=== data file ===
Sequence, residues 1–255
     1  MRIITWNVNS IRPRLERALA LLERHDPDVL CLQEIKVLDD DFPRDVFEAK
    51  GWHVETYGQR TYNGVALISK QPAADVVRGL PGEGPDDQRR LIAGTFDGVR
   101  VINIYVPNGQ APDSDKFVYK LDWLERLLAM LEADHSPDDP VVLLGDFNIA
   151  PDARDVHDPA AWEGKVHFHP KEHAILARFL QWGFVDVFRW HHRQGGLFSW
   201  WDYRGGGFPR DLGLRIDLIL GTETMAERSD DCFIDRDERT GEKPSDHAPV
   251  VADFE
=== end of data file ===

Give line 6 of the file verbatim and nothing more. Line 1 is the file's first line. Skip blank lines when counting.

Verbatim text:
   201  WDYRGGGFPR DLGLRIDLIL GTETMAERSD DCFIDRDERT GEKPSDHAPV